As promised, here are the results of my #LandingAuthor interview with author of Traveller of the Century Andrés Neuman:
CM: You have been featured on the list of Granta‘s Best Young Spanish language novelists and on the Bogotá 39 list. Do you feel that these lists achieve the result of bringing writers to the attention of a wider public and if so, has it benefited you in that way?
AN: Well, there are so many lists around, that sometimes I think that the most effective one would be a list of never-listed authors. More seriously (or not), to be honest I don’t know the practical results of those two lists. Nevertheless, each one of them had a very interesting nuance in terms of literary theory. Granta’s one represented, if I’m not wrong, the very first time that such an influential Anglophone publication was fully dedicated to non-English language authors. Which was quite a hopeful sign I guess. Regarding Bogotá 39 list, when it came out I realized that at least half of the writers included on it hadn’t lived in their born countries for a long time, so that they already had a kind of mixed national identity; and two of them (Daniel Alarcón and Junot Díaz) didn’t even write in Spanish language, so they were twice peripheral. I feel quite close to these alternative ways of looking at the Latin American tradition, since I was born in an Argentine home but I grew up in Spain.
CM: Following on from the Bogotá 39 list, with which the Hay Festival was involved, I would like to ask you about participation in literary festivals. Do you enjoy doing festivals and meeting readers and fellow writers or do you perhaps feel obliged to make appearances?
AN: Maybe both. On one hand, anything which implies leaving home painfully stops or at least delays the book you were working on. On the other hand, thanks to the festivals and book fairs you get to know two essential, yet often invisible for you, parts of your vocation: readers and colleagues. Most of the time you work alone, so when a reader appears you feel genuinely amazed: so they really existed! And they even had the patience of reading one of your books! When that happens, I’d like to apologize or returning them their money. In the end, I tend to think that travelling is literary healthy. Travels remind you that the world was much more complex than you thought. And that’s what literature is about, isn’t it?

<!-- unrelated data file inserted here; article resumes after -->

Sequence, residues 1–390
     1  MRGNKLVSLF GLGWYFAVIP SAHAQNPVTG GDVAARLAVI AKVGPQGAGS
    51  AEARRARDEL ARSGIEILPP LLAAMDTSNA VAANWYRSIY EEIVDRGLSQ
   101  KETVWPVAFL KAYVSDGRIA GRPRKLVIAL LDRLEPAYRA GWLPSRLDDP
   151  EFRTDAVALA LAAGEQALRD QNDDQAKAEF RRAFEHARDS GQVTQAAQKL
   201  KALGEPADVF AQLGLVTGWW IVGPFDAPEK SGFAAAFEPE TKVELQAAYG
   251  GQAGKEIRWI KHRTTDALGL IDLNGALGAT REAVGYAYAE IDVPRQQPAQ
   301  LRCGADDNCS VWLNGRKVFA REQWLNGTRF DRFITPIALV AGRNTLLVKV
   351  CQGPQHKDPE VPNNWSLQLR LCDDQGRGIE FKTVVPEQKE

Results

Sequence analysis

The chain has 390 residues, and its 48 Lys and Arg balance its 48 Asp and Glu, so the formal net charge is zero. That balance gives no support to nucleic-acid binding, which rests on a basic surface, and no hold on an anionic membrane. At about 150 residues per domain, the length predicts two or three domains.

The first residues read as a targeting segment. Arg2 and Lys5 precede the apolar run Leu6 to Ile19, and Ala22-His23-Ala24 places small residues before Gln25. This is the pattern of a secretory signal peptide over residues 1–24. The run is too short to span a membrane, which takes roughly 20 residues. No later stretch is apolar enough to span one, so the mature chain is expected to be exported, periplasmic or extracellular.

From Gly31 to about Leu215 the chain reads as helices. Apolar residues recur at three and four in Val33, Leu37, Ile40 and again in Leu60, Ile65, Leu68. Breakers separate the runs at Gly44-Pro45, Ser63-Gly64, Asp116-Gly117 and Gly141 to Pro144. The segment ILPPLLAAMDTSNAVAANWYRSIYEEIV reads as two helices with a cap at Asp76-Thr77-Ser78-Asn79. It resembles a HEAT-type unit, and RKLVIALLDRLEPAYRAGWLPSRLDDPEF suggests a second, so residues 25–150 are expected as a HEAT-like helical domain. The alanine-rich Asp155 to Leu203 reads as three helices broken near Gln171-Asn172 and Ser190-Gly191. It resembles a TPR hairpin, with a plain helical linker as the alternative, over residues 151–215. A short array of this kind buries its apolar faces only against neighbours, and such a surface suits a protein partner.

CM: You have written a book based upon your travels around South America, your own back yard as it were, but do you have an urge to explore any other places with a view to writing and if so, where would you like to go?
AN: That book (Cómo viajar sin ver. Latinoamérica en tránsito/ How to travel without seeing. Latin America in transit) actually tells a trip across the whole Latin America, which is an immense planet itself. It’s an amazing experience to feel a foreign person twenty times, without changing of language. That’s a little miracle that Spanish language allows us. Where else I’d like to go to and write about? I’d prefer not to plan it: I enjoy much more when a place takes me by surprise. Precisely that surprise is what stimulates the muscle of attention.
CM: After having lived in both Spain and Argentina do you feel that you have a leaning towards the literature of one country more than the other?
AN: That’s a puzzling conflict which I have never got to solve. I have the inclination to look at Europe from a Latin American perspective, whereas when I’m in Argentina I often put myself in a Spaniard point of view. In fact, Argentine people usually ask me about Spain, and vice versa. So I’ve ended up assuming that’s my natural place: a sort of border between both countries or continents. I have a double citizenship and a double foreignness as well.
CM: As a book hoarder myself, I was much struck by your account of your parents’ house clearance in which the books were piled up to be measured by the dealer. How attached are you to your books now? Do you keep everything you buy or have a purge every now and then?